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What’s up with the GRE?

The GRE (GMAT) is probably one of the most annoying parts about applying to grad school. We know that, and we are sorry about making you go through with it, but is it an important part of your application. Definitely not the most important one, but it is another way for us to better evaluate your quantitative and verbal proficiencies. So as with most things in life, work hard and try and do the best you can, but rest assured that you will not be judged solely on it.

We evaluate all candidates based on the following criteria: the personal statement, resume/curriculum vitae (work experience), transcripts of undergraduate, post graduate and/or graduate studies, letters of recommendation, and, lastly, the GRE (or GMAT).

Some of the most common questions regarding the GRE (GMAT) that we receive…

What is SIPA’s cut-off for the GRE?

The Admissions Committee seeks to admit applicants with a combination of the proven academic ability to master SIPA’s rigorous curriculum and two to three years of relevant professional-level work experience. Due to the diversity of our applicant pool, we do not set “cut-offs” for GPAs or GRE scores. Each applicant’s personal, professional, and academic history is thoroughly reviewed to determine if SIPA is the right fit for the applicant.

What is the average GRE score of incoming students?

For the same reason described above, we currently do not keep average scores for successful applicants.

I will be taking the exam before the deadline but I’m afraid your office will not receive the official scores from ETS before the deadline.

To be considered for admission to SIPA we do not require that official test score reports be on file; this includes the GRE, GMAT, TOEFL, and IELTS. We only require official test scores reports if an admitted applicant chooses to enroll. This means that you can take the test any time prior to the deadline (January 5th) and self-report your scores.  At the end of the GRE, you will have the option to view your Verbal and Quantitative scores. Please make note of them to self-report them in your application. You just need to insert these numbers in the spaces provided in the application.  Your application is not complete without your GRE scores so please be sure to provide them by the application deadline.   If you self report your verbal and quantitative scores but do not have your writing scores, it is fine that ETS sends us your Writing score at a later date.

What happens if I take the exam after the deadline?

If you plan to take the GRE or GMAT after you submit your application, you may self-report these scores to us via email.   In the email, please indicate your full name, program you are applying to and the score results.  Please be aware that any score submitted after the application deadline will be considered at the discretion of the Admissions Committee.  An application is not considered complete if the GRE or GMAT score section has been left blank, so please update us as soon as your scores are available, at which point your application will be processed.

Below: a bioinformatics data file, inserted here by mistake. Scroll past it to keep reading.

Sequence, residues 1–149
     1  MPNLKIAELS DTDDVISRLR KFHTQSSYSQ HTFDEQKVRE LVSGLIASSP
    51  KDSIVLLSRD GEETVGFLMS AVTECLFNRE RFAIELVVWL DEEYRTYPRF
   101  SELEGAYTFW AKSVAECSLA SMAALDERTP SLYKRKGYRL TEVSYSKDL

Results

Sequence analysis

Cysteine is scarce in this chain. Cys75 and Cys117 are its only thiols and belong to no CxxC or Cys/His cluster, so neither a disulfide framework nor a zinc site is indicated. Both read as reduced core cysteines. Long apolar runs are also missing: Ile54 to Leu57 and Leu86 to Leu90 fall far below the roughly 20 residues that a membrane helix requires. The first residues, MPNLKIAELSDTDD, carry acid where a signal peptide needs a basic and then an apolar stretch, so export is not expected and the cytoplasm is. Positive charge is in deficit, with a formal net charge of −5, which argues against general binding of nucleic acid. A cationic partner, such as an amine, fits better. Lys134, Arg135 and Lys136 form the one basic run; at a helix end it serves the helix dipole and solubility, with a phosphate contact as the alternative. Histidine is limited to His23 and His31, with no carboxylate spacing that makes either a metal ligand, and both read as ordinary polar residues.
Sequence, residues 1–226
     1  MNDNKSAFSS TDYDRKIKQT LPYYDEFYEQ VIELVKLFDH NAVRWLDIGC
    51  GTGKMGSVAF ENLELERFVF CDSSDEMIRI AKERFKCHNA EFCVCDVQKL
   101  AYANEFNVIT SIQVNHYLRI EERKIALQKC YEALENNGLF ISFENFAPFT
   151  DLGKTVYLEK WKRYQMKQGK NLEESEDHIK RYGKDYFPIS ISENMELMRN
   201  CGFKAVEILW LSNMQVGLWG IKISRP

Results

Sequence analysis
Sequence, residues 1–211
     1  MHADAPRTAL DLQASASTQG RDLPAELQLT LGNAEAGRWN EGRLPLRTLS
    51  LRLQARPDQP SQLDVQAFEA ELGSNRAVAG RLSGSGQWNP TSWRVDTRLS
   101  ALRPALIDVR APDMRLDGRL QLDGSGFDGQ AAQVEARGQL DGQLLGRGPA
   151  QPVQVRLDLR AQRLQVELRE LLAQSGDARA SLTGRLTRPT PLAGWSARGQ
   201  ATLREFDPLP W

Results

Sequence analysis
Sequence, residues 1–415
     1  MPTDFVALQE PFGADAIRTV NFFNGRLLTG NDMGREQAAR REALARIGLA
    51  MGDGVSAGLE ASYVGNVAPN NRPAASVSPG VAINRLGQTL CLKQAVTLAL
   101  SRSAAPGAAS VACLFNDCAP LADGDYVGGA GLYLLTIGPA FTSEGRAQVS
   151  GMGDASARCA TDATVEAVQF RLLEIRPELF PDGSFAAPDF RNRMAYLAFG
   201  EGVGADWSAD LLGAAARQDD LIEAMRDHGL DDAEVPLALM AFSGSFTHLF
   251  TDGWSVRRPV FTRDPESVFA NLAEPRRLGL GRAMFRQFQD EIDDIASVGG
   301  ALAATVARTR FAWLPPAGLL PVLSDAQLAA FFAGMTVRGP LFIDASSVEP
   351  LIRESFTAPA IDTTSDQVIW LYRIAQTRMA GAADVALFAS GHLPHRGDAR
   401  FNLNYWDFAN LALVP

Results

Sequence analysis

Can I waive the GRE?

GRE (GMAT) waivers are typically only considered in extreme circumstances such as military service or travel restrictions. If your situation prohibits you from getting to a test center and you have significant previous academic and/or professional quantitative experience, you may submit a GRE/GMAT request waiver.  Just send us an email (sipa_admission@columbia.edu) and we’ll send you a waiver request form to complete.  But be aware that waivers are rarely approved and all actions should be taken to sit for an exam prior to the application deadline.

The GRE Revised General Test

As interested applicants are likely aware, the Education Testing Service (ETS) is making changes to the GRE.  The test in its current format will be offered until July 31st and starting August 1st only the revised test will be offered.

The good news is that the new test will not negatively impact applicants to SIPA in any way.  As a matter of fact the test should be more friendly to test takers and to the SIPA Admissions Committee.  Here are a few questions people have been asking along with some general notes regarding the new test.  Do note that some of the text below is taken directly from a handout given out by ETS at a recent seminar.

Question:  If I took the GRE previously are my scores still valid?

Answer: GRE scores, no matter the version of the test, are valid for 5 years.  SIPA will accept any GRE test scores that are no more than 5 years old by the date of application.  If you are applying for fall 2012 admission and you took the GRE on January 5, 2007 or after, your scores are valid for fall 2012 admission consideration.